For more than a decade the growing middle class wealth in China has been touted as a key driver of meat protein demand. However, in recent years the disruption to China’s pig herd, due to the spread of African Swine Fever (ASF), has supercharged their appetite for beef, chicken, pork and sheep meat imports.
A good measure that highlights the growth in Chinese demand is the proportion of meat imports relative to their domestic consumption of each meat protein.
The lift in beef imports into China began to rise in the early 2010s, jumping from 1.5% of domestic consumption in 2012 to 5.8% in 2013. Prior to the outbreak of ASF it was sitting around 17.5%, with the outbreak of ASF seeing a surge towards 30%.
The larger lift in pork and chicken imports as a proportion of domestic consumption materialised post ASF. In 2018 chicken imports as a percentage of domestic consumption was sitting at 2.9% and pork imports were at 2.6%. By 2020 these had surged to 6.6% for chicken and 12.7% for pork. Given China’s huge appetite for pork, which over the last decade has been three times the size of their chicken consumption and nearly six times the size of their beef consumption, it is no mean feat to see the proportion of pork imports rise so much.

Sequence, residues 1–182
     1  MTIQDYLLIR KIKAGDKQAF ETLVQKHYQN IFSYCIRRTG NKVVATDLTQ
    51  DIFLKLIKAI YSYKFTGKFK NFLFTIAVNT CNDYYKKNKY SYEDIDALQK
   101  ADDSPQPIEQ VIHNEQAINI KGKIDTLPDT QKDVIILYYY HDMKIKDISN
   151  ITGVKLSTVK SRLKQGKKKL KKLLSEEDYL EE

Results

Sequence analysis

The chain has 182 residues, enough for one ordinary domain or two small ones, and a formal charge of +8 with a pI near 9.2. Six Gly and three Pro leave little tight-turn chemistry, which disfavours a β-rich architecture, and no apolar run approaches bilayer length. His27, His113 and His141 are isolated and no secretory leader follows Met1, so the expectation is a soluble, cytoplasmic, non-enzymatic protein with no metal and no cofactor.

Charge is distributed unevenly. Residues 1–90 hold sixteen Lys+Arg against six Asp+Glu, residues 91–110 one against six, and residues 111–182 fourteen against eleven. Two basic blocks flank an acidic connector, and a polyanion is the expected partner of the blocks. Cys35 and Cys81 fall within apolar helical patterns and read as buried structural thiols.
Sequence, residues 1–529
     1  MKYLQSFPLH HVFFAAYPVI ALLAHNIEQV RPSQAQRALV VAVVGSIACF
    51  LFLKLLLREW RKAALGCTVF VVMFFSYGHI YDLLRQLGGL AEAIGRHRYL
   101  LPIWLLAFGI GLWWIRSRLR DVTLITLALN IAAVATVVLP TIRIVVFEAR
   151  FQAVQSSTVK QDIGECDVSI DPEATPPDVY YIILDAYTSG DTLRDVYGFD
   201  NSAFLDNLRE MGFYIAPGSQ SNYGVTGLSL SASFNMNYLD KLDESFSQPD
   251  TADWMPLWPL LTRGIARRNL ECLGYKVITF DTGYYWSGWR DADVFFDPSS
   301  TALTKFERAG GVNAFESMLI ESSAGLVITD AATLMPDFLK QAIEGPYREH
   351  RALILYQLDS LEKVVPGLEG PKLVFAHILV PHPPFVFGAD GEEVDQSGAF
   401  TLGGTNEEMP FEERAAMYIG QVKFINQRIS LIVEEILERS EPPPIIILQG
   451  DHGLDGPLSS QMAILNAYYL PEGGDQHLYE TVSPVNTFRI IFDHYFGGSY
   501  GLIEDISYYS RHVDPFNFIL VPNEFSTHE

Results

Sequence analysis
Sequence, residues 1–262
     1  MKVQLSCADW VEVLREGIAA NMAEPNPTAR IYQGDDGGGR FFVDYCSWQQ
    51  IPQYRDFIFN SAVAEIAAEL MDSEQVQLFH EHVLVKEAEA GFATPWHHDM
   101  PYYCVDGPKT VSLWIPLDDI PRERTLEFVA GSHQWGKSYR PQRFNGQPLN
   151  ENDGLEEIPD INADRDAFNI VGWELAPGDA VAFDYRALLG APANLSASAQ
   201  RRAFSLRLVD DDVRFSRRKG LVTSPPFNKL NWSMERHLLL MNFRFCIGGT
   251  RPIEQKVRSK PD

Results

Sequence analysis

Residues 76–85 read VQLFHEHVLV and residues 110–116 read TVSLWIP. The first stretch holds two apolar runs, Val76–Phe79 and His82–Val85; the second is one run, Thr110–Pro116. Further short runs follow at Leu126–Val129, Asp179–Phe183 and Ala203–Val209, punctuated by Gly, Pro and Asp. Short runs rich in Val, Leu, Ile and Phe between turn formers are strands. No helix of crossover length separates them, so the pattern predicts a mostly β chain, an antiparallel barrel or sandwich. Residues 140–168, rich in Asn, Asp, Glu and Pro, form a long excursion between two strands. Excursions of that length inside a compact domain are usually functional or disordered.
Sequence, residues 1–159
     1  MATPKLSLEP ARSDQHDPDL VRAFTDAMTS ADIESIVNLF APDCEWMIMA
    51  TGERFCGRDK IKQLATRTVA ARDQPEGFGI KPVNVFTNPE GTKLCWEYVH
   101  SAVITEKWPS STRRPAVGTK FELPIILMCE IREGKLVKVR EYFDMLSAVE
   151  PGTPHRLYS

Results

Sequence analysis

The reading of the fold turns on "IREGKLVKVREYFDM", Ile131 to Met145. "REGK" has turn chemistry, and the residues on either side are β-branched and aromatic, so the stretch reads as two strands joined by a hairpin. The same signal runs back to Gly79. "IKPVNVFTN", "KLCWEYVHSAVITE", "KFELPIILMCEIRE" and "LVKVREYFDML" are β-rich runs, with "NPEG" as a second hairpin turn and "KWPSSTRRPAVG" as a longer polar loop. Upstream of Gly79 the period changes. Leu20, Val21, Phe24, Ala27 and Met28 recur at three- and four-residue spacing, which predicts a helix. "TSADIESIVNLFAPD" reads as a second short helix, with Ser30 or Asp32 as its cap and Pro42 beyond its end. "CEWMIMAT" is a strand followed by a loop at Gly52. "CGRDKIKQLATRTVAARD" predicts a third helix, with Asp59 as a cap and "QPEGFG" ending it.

Sheep meat imports tell a similar story to beef, in that the increase in import flows into China as a proportion of domestic consumption began to lift pre-ASF. Despite hearing from another analysis firm recently that these proportional sheep imports into China were inconsequential, the data proves otherwise. Granted there is only data available for sheep meat up until 2019, but the trend is pretty clear.
Sheep meat imports into China began to rise before beef, back in 2010. Lifting quickly from 2.7% in 2010 to 11.5% in 2014. After a short lull during 2015 to 2018 sheep meat imports as a proportion of consumption began to rise again after the outbreak of ASF to see it at 13.7% of domestic consumption by 2019. Given that China has the largest sheep flock in the world and annual sheep meat consumption levels that are larger than Australia’s entire annual beef production these are significant import volumes, nearing 400,000 tonnes.